As part of his conference's ongoing expansion study, Pac-10 commissioner Larry Scott has explored the possibility of staging a conference football championship game with the current membership of 10.
Scott told CBSSports.com that he has spoken to the commissioners of the Big Ten and Big East about the feasibility of a Pac-10 championship game with less than the NCAA-mandated 12 members. The Big Ten has 11 members. The Big East has eight.
|New Pac-10 leader Larry Scott is looking into a championship game. (US Presswire)|
Scott added there could be a "logic gap" in such a move. Among BCS conferences only the Big East and Pac-10 play a true round-robin conference schedule.
Jim Delany's Big Ten is seen as the big dog that could have a far-reaching effect on conference structure if it decides to expand. That expansion could have a significant impact on John Marinatto's Big East. The Pac-10 could be untouched by such expansion but is being proactive in its region. The schools most frequently mentioned for Pac-10 membership are Colorado, Utah and BYU. The league is trying to maximize its television dollars. For years the league was thought to be undervalued in the market.
NCAA bylaw 188.8.131.52 (c) states that a conference must have at least 12 members to stage a championship game. NCAA legislation would be needed to change that bylaw. Supposedly, such a change would be non-controversial.
The SEC opened the door to divisional play in the early 1990s by taking advantage of the then-little-known bylaw that allowed a championship game. Five of the 11 Division I-A conferences currently stage a conference championship game.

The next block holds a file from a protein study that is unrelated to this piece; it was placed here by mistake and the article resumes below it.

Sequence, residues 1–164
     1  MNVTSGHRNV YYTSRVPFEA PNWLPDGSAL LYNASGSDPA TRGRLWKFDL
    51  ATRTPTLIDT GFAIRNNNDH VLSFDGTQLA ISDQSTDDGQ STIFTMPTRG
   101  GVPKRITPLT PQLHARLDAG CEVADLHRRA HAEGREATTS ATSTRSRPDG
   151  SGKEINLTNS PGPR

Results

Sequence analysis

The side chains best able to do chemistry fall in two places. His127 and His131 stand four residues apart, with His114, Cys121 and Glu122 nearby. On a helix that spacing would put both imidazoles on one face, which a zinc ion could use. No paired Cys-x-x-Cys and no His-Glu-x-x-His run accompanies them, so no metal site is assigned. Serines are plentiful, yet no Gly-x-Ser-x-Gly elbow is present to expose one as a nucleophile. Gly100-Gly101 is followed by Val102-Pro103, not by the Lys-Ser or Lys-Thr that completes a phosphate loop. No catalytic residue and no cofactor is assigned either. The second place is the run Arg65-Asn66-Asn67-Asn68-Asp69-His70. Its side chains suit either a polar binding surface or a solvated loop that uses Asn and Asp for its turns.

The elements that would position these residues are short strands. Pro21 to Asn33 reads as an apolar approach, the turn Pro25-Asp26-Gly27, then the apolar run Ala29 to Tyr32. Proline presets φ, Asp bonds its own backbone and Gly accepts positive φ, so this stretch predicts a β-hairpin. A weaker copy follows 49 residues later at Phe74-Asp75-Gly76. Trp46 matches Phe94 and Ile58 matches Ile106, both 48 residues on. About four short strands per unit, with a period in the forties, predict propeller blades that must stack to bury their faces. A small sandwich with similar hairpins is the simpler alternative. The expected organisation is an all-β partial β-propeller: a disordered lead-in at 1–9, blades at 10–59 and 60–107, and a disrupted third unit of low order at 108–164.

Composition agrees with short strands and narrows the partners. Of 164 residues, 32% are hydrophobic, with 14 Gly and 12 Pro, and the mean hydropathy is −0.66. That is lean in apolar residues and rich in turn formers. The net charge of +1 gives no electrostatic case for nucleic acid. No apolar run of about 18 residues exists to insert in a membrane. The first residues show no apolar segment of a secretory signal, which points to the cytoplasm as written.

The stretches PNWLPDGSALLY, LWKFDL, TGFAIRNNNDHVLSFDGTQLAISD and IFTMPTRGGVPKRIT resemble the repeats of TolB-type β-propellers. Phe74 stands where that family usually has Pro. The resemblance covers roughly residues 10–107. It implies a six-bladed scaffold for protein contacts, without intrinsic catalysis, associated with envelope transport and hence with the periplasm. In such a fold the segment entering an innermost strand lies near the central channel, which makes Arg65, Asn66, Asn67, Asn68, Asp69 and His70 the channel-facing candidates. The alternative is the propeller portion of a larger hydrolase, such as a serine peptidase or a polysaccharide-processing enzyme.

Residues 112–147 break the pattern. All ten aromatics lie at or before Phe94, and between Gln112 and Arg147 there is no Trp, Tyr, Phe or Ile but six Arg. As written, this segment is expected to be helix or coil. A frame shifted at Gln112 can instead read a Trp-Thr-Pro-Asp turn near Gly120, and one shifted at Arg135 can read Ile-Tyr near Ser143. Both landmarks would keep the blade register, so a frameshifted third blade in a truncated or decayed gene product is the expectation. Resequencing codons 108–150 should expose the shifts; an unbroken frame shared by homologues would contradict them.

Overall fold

As expansion talk heats up, some college sources have said they have had a hard time finding value for the Pac-10 to expand by the two teams it would currently take to add a championship game. The far-flung league would have to divide revenue 12 ways instead of 10. A Big Ten championship game was estimated to be worth a total $12-$15 million to the conference. It's not clear what such a Pac-10 game would be worth.
The Pac-10 is still in the preliminary stages of addressing expansion but is at the point where it is ready to hire a TV consultant in the next 30-60 days, Scott said. Candidates met with Pac-10 presidents earlier this month in Los Angeles.
Unlike the Big Ten, the Pac-10 does not have a financial stake in its own network that would spur expansion. Whether the league expands or not, the possibility further exists that the Pac-10 could enter into a partnership with the Big 12 and/or ACC to form a network. Scott has spoken with Big 12 commissioner Dan Beebe and ACC commissioner John Swofford in the past.
"I don't see expansion tied to a championship [game] and a network," Scott said. "I do think our conference is very well laid out for the possibility of a network. While we don't have as many states or the population, let's say, of the Big Ten, there's logic to the way our conference is laid out."
Early in the process, a lot of possibilities are on the table. The league could play a championship game at a team's home stadium, Scott said, to address attendance concerns. Officials at the Los Angeles Coliseum, Rose Bowl and Qwest Field in Seattle have expressed an interest in hosting a Pac-10 championship game, CBSSports.com has learned.
Scott was hired last year to replace Tom Hansen largely because of his television expertise as chairman and CEO of the Women's Tennis Association. He recently hired former Big 12 commissioner Kevin Weiberg as deputy commissioner and chief operating officer. Weiberg was with the Big Ten from 1989-1998, before becoming Big 12 commissioner. In 2007, he became the Big Ten Network's vice president of university planning and development.
Scott announced in mid-December that the conference would take a look at expansion. Membership has not changed since 1978 when Arizona and Arizona State were added. The Pac-10's television agreements expire after the 2011-12 academic year. Discussions on new TV deals should begin in less than a year.